Crum wins MVP, Irish challenged
Leave it to a polished former quarterback to remove the usual gloss from Notre Dame's football banquet.
Instead of smoothing the imperfections from a frustrating season, Joe Theismann used his keynote address during the 88th annual event to challenge the team before him inside the Joyce Center. After thanking the senior class, the Irish alumnus threw down the gauntlet for the younger players and recruits in the audience of nearly 750.
"For those that take the mantle and move it forward, I ask you this question. What do you want? What do you want?" Theismann said. "I want you to remember this season, I want you to remember the pain. I want you to remember the hard work.
"Every one of you has to make your mind up that this will never happen again."
The speech wove between awards doled out to players as Notre Dame acknowledged its six wins as much as its six losses for most of the evening. There were two mentions of BCS championship berths next season at the Rose Bowl, but focus centered more on the 6-6 season that ended with a disheartening home loss to Syracuse and a blowout at USC.
Amidst the reflections, two-time captain Maurice Crum Jr. won MVP honors thanks to a vote by his teammates. The linebacker also shared the Nick Pietrosante Award with Mike Anello, an honor for the players who symbolize "the courage, loyalty, teamwork, dedication and pride of the late Irish All-America fullback."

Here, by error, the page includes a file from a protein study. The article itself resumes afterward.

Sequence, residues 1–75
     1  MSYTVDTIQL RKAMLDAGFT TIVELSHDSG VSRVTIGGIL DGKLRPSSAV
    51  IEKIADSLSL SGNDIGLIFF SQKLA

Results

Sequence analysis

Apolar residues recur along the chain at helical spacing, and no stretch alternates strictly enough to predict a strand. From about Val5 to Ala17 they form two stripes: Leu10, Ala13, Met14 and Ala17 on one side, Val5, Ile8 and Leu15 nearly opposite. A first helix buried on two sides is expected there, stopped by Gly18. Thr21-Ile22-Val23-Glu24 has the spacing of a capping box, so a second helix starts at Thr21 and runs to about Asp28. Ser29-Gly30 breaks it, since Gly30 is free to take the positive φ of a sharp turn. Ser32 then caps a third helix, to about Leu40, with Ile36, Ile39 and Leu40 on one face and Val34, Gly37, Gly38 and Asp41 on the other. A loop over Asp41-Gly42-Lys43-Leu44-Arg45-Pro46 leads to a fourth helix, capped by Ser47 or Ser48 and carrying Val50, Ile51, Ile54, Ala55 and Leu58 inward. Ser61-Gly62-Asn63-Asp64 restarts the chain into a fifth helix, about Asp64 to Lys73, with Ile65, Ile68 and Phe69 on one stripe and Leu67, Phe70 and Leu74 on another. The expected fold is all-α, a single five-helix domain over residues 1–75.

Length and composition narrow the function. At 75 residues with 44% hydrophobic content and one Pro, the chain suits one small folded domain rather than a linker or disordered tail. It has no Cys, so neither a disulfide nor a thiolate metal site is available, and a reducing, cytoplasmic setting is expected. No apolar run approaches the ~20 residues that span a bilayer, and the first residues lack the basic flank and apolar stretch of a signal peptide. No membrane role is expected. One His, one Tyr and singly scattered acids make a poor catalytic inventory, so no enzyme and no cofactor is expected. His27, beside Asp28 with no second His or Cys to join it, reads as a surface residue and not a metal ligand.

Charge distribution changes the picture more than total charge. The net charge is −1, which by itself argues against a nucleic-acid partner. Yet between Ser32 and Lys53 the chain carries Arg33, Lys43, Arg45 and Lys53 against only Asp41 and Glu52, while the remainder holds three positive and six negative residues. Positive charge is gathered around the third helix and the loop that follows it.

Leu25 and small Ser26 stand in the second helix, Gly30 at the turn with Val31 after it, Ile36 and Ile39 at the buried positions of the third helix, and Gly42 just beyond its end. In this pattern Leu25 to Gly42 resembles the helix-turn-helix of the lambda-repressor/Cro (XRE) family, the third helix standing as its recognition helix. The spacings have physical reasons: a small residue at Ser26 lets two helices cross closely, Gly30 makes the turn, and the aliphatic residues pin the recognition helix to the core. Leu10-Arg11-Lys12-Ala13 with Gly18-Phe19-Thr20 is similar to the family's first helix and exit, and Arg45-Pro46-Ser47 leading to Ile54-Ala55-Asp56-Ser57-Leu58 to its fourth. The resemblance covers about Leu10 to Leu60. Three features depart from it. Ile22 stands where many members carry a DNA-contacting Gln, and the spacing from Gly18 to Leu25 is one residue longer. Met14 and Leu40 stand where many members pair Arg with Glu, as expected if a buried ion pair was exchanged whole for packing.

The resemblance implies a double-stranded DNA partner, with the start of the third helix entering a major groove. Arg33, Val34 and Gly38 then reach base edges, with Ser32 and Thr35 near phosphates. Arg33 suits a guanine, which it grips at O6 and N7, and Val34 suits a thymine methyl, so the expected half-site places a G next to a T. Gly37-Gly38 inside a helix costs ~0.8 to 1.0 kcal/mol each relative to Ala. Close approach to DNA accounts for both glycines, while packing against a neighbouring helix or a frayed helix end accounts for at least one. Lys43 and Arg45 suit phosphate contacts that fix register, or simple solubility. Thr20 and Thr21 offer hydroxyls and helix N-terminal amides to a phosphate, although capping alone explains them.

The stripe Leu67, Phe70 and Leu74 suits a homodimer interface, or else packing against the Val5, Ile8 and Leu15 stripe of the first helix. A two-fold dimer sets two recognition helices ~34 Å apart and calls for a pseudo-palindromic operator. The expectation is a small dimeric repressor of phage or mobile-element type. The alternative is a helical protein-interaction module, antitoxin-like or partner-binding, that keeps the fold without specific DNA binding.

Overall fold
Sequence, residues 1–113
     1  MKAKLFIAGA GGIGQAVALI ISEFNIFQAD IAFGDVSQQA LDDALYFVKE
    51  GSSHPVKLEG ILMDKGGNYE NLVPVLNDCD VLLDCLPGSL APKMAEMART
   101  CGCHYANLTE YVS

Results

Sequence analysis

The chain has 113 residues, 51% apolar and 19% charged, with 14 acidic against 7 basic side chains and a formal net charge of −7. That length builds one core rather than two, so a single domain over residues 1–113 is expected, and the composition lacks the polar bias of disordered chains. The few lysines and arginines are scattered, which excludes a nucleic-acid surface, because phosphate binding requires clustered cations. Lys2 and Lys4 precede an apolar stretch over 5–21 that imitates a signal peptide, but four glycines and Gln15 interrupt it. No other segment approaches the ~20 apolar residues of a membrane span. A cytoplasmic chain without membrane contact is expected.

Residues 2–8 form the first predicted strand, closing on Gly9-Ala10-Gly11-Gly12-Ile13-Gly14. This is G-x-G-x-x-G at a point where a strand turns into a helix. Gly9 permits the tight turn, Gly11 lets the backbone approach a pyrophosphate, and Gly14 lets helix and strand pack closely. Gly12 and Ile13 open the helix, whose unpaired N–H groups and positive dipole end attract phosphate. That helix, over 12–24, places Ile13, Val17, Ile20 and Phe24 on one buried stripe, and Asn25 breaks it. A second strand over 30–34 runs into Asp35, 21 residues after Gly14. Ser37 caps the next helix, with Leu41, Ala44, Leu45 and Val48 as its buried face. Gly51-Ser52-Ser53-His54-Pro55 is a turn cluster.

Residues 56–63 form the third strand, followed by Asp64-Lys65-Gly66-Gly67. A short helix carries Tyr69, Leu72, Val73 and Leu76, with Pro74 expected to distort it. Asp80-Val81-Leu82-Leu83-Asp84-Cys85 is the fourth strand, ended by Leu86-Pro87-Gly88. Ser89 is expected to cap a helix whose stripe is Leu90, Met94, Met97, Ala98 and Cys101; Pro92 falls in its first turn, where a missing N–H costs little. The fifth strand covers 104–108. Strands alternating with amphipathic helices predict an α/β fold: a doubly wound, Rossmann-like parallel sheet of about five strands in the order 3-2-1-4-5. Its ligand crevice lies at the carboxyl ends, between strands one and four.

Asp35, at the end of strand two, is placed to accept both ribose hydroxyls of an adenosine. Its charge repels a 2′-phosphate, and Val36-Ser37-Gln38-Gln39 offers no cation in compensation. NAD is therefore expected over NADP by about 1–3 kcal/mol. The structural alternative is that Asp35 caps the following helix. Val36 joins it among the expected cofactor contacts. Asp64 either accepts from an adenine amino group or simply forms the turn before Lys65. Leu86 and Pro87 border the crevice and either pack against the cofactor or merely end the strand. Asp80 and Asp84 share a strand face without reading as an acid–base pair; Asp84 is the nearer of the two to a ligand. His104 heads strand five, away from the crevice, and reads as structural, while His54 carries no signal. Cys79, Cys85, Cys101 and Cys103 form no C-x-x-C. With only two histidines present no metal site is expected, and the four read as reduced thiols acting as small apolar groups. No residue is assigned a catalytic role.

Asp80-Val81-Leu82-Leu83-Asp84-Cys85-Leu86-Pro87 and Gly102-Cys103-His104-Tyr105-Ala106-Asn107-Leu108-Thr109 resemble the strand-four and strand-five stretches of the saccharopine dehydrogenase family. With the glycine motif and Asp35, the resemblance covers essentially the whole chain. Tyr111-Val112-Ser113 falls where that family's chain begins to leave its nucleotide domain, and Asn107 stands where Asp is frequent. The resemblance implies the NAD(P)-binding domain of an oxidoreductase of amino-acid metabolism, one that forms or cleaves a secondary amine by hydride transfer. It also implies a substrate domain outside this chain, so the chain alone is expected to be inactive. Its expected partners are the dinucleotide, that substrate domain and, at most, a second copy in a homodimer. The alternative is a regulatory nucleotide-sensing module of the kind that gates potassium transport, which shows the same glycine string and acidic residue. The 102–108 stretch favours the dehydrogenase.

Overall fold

Anello hobbled to the lectern on crutches after receiving the honor from quarterback coach Ron Powlus, who referred to the former walk-on as a "special teams wizard." Anello, out two-to-four months with a broken leg suffered at USC, also won the Knute Rockne Student-Athlete Award.
Pat Kuntz won the Lineman of the Year Award, Chris Stewart took home ISP/State Farm Student-Athlete of the Year and Mike Turkovich won the Guardian of the Year Award, which went to the team's top offensive lineman.
"We want to thank the guys right here for always sticking together, always having each other's back, becoming lifelong friends, sharing many moments and many…" said captain David Bruton, who was then tackled by emotion.
After a week when head coach Charlie Weis flirted with unemployment, he drew applause for a humble accounting of his return. The University announced Weis would be back for a fifth season on Wednesday following a meeting between the coach and athletics director Jack Swarbrick a day earlier in San Jose.
"The first and foremost thing that I want everyone here to know is that I'm really happy to be the head football coach at Notre Dame," Weis said. "And you want to know something? I'm happy for the support from (University President) Father John (Jenkins), I'm happy for the support from Jack Swarbrick, but if I wasn't happy being the football coach at Notre Dame, I don't think I'd be the football coach at Notre Dame right now."
But not every moment of the banquet was weighted by the season's struggles. Toward the end of the program Weis presented Theismann with a framed No. 7 jersey with his name in block white lettering atop the garment.
"Thank you Jimmy for letting me have this," Theismann said, playful sarcasm dripping on the microphone. "Jimmy Clausen has approved this and said you can use the number one more time. Thank you so much Jimmy, very kind of you, I really appreciate that."